Country Club Era: 1951 – 1973
The destiny of Rancho Mirage changed forever when Thunderbird Ranch and the adjacent Red Roof Ranch were spotted by golf promoter Johnny Dawson as the potential site for an 18-hole golf course and country club. With a group of investors that included businessmen, politicians and Hollywood celebrities such as Bob Hope, Randolph Scott, Phil Harris, Desi Arnaz and Ralph Kiner, the property was purchased and the Thunderbird Country Club incorporated in May 1950. In an innovative approach to country club development, lots along the fairways were offered for sale to club members. Entertainers Phil Harris, Bob Hope, Bing Crosby, songwriter Hoagy Carmichael and tire company executive (later ambassador to Belgium) Leonard Firestone were among the first buyers. The club opened in 1951, becoming the first 18-hole golf course in the Coachella Valley, with Jimmy Hines as the golf pro. Local architect William Cody was hired to remodel the guest ranch buildings and to construct fourteen “cottages” which were available to members.
The same successful formula was followed a year later, when Tamarisk Country Club opened on the former Wonder Palms Hotel and Guest Ranch. Incorporated in 1951 by a group of 65 investors, including Hollywood notables Jack Benny, George Burns, Danny Kaye, Sol Lessor and the Marx Brothers plus businessmen like Lou Halper, Tom May and Abe Lastfogel. It also offered home sites along the fairways as a means of financing club improvements. The club opened in 1952, with a golf course designed by William Bell and renowned golfer Ben Hogan as the golf pro.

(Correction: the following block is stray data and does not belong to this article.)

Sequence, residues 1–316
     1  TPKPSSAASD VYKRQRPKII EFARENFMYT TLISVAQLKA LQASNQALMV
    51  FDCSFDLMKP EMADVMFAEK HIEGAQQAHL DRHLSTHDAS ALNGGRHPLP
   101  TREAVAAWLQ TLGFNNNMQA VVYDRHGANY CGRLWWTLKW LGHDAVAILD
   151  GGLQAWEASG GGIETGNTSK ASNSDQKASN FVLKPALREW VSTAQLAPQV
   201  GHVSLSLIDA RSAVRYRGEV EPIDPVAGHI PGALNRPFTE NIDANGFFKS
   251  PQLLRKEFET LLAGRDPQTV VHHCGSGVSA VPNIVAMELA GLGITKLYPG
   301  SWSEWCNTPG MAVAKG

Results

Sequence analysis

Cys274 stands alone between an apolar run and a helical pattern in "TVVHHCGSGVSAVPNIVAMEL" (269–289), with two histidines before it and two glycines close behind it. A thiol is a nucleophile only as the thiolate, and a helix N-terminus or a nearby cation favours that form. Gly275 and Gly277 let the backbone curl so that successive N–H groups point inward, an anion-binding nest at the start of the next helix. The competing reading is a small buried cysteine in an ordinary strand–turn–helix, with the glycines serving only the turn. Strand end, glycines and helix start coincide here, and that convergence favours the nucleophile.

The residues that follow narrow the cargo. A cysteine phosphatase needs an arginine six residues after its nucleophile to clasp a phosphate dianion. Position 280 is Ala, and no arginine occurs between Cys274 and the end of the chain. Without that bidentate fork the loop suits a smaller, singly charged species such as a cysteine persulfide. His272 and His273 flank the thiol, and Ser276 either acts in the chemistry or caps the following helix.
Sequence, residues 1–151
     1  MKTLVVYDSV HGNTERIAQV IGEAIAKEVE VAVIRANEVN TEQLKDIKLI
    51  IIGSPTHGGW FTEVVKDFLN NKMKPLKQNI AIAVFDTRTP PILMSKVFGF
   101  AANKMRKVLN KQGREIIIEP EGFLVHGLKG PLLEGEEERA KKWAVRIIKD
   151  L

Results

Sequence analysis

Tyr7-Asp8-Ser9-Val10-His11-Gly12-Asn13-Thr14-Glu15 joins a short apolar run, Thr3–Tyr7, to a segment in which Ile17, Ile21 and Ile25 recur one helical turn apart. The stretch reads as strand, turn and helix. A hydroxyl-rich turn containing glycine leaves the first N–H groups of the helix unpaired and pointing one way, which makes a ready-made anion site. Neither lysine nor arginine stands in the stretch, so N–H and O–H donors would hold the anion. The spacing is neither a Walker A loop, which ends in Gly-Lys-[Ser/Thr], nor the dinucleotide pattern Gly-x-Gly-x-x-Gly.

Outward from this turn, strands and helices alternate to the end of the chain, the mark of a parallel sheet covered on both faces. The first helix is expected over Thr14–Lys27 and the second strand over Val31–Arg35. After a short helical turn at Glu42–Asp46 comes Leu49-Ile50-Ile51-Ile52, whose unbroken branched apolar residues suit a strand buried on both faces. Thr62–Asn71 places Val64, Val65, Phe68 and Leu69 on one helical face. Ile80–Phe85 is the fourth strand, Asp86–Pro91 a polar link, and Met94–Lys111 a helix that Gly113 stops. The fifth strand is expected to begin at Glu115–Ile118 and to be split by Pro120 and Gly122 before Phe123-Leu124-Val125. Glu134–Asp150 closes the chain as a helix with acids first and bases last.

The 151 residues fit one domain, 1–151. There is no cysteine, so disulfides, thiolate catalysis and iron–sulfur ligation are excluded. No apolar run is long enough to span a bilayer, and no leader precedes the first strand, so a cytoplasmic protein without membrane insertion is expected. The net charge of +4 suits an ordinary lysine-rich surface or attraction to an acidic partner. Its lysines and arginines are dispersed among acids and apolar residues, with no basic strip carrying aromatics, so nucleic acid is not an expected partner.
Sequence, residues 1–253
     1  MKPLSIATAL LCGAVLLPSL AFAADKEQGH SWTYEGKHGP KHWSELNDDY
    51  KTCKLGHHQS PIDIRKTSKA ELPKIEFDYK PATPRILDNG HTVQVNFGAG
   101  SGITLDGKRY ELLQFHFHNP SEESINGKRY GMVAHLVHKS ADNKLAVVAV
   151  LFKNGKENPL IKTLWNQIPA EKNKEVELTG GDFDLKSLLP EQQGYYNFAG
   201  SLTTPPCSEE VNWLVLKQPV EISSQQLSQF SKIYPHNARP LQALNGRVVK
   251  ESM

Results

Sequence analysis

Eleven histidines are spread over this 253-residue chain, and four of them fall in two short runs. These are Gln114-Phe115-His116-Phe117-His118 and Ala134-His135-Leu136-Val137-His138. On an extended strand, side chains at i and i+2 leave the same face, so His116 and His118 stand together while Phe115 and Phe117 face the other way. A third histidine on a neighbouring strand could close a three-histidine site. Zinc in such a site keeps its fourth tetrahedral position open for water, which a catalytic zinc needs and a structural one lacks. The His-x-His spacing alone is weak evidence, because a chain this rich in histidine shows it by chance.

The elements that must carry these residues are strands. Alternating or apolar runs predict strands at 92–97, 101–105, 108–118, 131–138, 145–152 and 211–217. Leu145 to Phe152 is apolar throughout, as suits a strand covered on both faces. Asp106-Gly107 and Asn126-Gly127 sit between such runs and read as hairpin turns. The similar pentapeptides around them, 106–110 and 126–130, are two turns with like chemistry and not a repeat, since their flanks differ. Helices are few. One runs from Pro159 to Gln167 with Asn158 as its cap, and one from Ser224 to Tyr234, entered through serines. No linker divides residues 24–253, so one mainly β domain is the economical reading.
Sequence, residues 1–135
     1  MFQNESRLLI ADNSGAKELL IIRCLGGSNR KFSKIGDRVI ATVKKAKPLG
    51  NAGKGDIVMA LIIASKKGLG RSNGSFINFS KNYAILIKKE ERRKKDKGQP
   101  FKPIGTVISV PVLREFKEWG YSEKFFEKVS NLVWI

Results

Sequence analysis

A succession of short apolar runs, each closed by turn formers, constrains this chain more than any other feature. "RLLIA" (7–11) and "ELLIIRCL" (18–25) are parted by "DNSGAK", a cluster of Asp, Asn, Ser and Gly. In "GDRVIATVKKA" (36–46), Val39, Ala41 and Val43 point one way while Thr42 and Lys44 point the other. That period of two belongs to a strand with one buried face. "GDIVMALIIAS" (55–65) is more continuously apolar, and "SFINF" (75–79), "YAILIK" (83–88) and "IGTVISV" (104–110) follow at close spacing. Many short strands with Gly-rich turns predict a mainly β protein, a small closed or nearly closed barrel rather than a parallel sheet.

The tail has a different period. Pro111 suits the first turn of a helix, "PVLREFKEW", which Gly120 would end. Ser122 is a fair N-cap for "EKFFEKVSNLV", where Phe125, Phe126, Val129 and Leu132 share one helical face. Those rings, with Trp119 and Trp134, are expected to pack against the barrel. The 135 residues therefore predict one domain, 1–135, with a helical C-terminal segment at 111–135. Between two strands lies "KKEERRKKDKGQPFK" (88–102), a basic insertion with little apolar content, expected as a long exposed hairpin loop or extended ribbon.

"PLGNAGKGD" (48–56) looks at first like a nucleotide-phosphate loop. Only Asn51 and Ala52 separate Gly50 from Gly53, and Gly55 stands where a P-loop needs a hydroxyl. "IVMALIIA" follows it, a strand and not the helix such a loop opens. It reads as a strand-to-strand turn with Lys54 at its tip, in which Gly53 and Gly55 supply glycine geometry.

Attracting attention initially because of their well-heeled members, Thunderbird and Tamarisk focused the limelight by hosting tournaments such as the Women’s Invitational, the Ryder Cup and the first Bob Hope Classic. High profile visitors, including President Dwight D. Eisenhower, brought additional publicity.
Construction of the country clubs and the associated residences coincided with another development that had profound implications for the character of Rancho Mirage: the evolution of a “Desert Modern” style of architecture. The Desert Modern style was in many ways a domestication and refinement of the avant garde International Style of the 1920s and 1930s, and grew out of local architects’ desire to adapt modern materials, techniques and floor plans to the unique requirements of desert living. Characteristics include large expanses of floor-to-ceiling glass sheltered by deep overhangs extending from flat roofs and flowing interior floor plans that merged imperceptibly with the outdoors. Oriented to the rear, Desert Modern houses in Rancho Mirage embrace desert, swimming pool and golf course views plus outdoor access while front elevations are often shielded for privacy. Desert Modern houses appear light, with roofs floating above the glass walls and clerestories, and ceilings supported by thin steel or wood posts. In addition to glass, exterior materials include stucco, wood, slumpstone, and natural rock.
Several architects contributed to the development of the Desert Modern style including William F. Cody, E. Stewart Williams, Dan Palmer, William Krisel and Howard Lapham. Because of their affluence, several Rancho Mirage property owners were able to commission architects of regional, national and even international prominence to design their vacation homes. In many cases, the architects had designed projects for their clients in their home cities. These architects included Welton Becket, A. Quincy Jones and Frederick Emmons, Richard Neutra, William Pereira, Wallace Neff and Paul Williams. In many cases, these commissions were rare examples of an architect’s work in the desert or in a residential mode.
Construction during this era include mostly single family homes in the Modern